Household Saints

1993, NR, 124 min. Directed by Nancy Savoca. Starring Tracey Ullman, Vincent D'Onofrio, Lili Taylor, Judith Malina, Michael Rispoli, Victor Argo.

REVIEWED By Marjorie Baumgarten, Fri., Dec. 3, 1993

The glory of miracles is not in the making but, rather, in the seeing. Anyone can detect a miracle when it's accompanied by blinding flashes of light or fire and brimstone. But miracles exist everywhere in day-to-day living, if only we perceive them; also they can be humanly made rather than heavenly bestowed. Miracles gestate in the cracks of daily life more so than on the altars of divine inspiration. “Man deals, God stacks the deck,” declares one character early in Household Saints, a movie ostensibly about a man in New York's post-WWII Little Italy who wins his wife in a card game. During an insufferable heat wave, Lino Falconetti (Argo) bets his only daughter on one pinochle hand for a blast of cold air from butcher Joseph Santangelo's meat locker. There's something about the girl's raw and sullen demeanor that appeals to Joseph (D'Onofrio). Then, the movie subtly shifts to become what appears to be the story of the transformation of this motherless 17-year-old girl, Catherine Falconetti (Ullman), who cooks and cleans for her gruff father and war-weary brother while indulging her only evident interest (reading movie magazines). Catherine is introduced by her husband to the pleasures of lovemaking (in a scene staged quite simply yet most erotically), introduced by her mother-in-law (Malina) to the secrets of Santangelo sausage-making and Catholic superstition, and introduced to despair by a fateful (or curse-induced, according to her mother-in-law) turn of events. Perhaps the movie is about generational conflict: the younger generation's desire to invent their own luck and the older woman's old wives' tales and superstitions that become self-fulfilling prophecies, and the old philosophical debate about whether life is filled with possibilities or predeterminations. Then, more than an hour into the movie, the story's focus shifts once again, this time to Joseph and Catherine's now-17-year-old daughter Teresa (Taylor). She models herself after St. Teresa of Lisieux, the Little Flower of Jesus, one of Christianity's best-loved saints, whose beliefs centered on “the little way” or finding goodness in life's most humble tasks. (Teresa was awarded the saint's autobiography at her parochial school as a prize for her composition titled “Why Communism is the Anti-Christ.”) Her dad won't let her join a convent, saying, “No daughter of mine is going to slave away to line the Pope's pockets.” So she devotes herself to things like relining the silverware drawer and scrubbing floors. She moves in with her first boyfriend, who is intrigued by her beatific bearing. One day, while ironing her boyfriend's red-and-white checkerboard shirt, Jesus appears in her living room. And, oh, his vestments are so dirty and tattered, having worn them for 2,000 years with no cleaning or mending -- voila, Teresa Falconetti has found her calling (and if you think the name Falconetti is happenstance, check out Carl Dreyer's 1928 Passion of Joan of Arc). Bemoan her frustrated parents, “Just when you think you know how to play the game, God hands you a wild card. God dealt us a daughter who sees Jesus at the ironing board.” Mixed with these details of family saga are generous doses of humor, irony and magic. People have visions, superstitions come true, dead husbands speak, and the Santangelos make miracle sausage; there's a degree of magical realism here that counterbalances the story's existential determinism. Along with Teresa, we begin to take pleasure in the little things comprising this movie, in the unbelabored details that float across the peripheries and in how seemingly minor things lead to other, unexpected things. Director Savoca (True Love, Dogfight) is one of our great American storytellers. There is so much detail here that she gets just right and so much more that she has the courage to simply present without making a scene. The performances she gleans from her players are always impeccable; in Household Saints, she starts with some of the best talents around and inspires them to new heights. Household Saints restores one's faith in miracles while teaching us how to invent them ourselves. That, and also teaching us not to worry about getting stigmata on the carpet when Jesus comes to visit.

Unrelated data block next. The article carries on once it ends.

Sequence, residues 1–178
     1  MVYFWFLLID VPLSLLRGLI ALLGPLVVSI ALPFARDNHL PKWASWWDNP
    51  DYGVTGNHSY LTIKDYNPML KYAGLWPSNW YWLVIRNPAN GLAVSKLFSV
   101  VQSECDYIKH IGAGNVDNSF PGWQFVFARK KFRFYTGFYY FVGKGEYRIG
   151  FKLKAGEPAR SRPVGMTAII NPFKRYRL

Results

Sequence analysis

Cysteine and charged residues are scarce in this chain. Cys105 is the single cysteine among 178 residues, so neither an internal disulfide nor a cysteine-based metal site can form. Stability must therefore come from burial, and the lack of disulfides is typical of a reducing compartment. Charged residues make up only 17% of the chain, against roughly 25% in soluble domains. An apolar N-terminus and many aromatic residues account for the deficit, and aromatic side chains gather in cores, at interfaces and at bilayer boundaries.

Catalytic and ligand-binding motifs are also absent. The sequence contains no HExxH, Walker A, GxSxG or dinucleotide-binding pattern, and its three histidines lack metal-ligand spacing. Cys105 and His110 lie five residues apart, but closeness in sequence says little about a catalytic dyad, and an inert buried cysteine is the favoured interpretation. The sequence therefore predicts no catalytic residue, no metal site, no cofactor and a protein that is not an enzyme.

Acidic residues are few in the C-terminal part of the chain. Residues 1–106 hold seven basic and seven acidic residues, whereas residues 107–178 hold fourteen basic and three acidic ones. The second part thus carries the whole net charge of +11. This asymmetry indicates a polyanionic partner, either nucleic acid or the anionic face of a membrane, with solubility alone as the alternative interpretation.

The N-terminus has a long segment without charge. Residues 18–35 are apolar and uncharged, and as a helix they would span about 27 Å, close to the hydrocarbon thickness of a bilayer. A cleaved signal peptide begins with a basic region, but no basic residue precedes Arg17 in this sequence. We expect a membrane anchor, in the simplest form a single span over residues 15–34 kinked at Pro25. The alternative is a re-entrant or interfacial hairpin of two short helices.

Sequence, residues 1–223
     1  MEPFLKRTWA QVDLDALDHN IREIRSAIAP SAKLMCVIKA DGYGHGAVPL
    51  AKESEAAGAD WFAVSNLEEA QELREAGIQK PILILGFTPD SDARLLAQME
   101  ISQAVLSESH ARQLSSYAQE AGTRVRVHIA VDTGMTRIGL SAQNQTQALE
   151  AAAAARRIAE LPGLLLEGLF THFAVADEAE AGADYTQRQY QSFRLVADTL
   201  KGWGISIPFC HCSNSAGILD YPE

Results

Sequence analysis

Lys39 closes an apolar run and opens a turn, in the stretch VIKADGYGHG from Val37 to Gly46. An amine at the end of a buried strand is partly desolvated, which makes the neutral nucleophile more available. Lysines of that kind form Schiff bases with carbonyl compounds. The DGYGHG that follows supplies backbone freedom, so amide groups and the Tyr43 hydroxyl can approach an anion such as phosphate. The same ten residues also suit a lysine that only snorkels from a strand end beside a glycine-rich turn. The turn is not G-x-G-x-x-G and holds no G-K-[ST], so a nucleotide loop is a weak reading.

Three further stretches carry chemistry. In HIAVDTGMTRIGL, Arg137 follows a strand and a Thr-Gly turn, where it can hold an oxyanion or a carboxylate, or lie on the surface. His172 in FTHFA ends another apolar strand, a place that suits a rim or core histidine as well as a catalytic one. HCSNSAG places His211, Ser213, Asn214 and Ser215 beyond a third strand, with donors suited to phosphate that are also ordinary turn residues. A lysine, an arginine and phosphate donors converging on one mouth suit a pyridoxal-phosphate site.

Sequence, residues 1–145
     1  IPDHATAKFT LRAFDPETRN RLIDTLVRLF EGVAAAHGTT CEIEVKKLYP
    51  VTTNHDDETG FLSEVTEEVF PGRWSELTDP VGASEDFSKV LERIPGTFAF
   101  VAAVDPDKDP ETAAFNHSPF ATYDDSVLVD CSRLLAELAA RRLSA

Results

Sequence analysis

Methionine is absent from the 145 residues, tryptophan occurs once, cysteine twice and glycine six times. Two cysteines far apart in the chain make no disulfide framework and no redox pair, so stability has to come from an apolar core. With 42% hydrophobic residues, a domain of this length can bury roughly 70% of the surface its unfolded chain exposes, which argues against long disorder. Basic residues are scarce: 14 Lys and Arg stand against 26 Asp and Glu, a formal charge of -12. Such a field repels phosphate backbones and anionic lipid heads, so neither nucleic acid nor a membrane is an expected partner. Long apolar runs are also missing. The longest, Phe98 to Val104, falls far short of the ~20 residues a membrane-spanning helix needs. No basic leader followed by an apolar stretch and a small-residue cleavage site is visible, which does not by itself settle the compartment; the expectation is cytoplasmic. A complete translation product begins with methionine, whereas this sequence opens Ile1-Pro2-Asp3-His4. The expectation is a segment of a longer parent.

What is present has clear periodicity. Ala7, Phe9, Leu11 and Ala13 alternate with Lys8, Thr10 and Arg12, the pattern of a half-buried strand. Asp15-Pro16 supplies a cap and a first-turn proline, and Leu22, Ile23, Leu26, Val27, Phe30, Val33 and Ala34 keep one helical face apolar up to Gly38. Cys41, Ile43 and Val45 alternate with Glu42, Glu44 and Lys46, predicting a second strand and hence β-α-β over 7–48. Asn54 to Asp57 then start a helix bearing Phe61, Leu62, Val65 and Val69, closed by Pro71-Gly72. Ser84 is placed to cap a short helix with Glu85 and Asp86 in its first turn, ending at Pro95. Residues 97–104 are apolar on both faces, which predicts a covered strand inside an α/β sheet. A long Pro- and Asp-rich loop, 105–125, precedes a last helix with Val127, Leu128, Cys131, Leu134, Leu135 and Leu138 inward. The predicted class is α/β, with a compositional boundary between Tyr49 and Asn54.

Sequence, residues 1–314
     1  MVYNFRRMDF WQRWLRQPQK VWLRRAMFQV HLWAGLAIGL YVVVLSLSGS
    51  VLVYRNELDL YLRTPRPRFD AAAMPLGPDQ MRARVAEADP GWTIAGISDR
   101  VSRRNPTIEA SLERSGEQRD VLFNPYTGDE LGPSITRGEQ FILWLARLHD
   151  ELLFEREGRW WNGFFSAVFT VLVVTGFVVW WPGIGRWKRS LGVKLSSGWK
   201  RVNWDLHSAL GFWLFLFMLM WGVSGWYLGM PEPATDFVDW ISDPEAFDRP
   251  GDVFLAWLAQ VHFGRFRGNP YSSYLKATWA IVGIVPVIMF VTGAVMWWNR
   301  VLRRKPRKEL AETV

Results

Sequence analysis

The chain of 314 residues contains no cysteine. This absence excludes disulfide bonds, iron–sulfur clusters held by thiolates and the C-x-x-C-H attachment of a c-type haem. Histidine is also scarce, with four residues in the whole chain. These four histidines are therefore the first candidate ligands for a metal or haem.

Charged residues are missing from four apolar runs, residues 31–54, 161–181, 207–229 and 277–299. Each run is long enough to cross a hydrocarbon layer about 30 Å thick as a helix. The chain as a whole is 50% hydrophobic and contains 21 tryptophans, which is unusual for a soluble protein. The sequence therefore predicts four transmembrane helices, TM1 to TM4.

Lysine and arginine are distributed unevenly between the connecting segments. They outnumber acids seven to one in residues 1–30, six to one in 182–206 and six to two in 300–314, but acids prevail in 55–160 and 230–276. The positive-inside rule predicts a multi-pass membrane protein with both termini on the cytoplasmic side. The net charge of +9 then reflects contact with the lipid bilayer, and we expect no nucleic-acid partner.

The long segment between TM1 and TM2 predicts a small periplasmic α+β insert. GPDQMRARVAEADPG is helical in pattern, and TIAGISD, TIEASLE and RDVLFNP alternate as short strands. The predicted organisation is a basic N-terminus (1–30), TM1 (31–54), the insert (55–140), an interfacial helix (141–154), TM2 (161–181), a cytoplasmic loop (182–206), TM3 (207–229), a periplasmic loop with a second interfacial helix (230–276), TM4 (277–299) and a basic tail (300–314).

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Household Saints, Nancy Savoca, Tracey Ullman, Vincent D'Onofrio, Lili Taylor, Judith Malina, Michael Rispoli, Victor Argo

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